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“I Had the Guilt Trip of Helping Others”: Social Support, Identity Gaps, and Clinical Trials Decision-Making

Fri, May 22, 13:30 to 14:45, Caribe Hilton, San Cristobal Ballroom A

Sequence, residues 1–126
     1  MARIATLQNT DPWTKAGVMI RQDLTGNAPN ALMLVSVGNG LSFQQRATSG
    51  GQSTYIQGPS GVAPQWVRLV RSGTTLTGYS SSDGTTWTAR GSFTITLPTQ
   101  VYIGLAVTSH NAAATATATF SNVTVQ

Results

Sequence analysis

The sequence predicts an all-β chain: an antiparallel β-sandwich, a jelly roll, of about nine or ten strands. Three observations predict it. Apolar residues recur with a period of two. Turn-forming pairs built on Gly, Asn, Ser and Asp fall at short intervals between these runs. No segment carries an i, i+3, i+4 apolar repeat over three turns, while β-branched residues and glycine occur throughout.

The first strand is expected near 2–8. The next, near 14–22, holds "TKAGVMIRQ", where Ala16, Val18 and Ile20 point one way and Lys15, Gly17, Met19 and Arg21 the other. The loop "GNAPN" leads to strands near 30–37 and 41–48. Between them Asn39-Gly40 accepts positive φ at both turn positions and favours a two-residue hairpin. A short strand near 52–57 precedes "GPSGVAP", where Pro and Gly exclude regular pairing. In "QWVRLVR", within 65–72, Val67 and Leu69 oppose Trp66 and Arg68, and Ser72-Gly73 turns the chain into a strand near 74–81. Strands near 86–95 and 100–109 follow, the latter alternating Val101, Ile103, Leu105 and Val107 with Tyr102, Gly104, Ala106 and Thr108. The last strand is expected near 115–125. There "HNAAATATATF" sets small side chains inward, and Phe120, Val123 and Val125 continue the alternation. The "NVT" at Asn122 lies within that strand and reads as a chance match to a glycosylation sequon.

Using the community theory of identity (CTI) (Hecht, 1993) and social support (Goldsmith, 2004) as a theoretical framework, we extend this literature by exploring how individuals’ cancer illness identity and received social support created identity alignment or gaps (i.e., personal, enacted, relational, and communal), which in turn influenced cancer clinical trial decision-making. To our knowledge, this is the first study to explore multiple layers of illness identity and social support in relation to a specific treatment decision. In-depth, semi-structured qualitative interviews (n = 46) were conducted with cancer patients. Patients were recruited from four cancer clinics if they were offered a randomized cancer clinical trial as a treatment option. Preliminary results suggest a possible relationship between individuals’ illness identity, received social support, and clinical trials decision. Implications for future clinical trial interventions are discussed.


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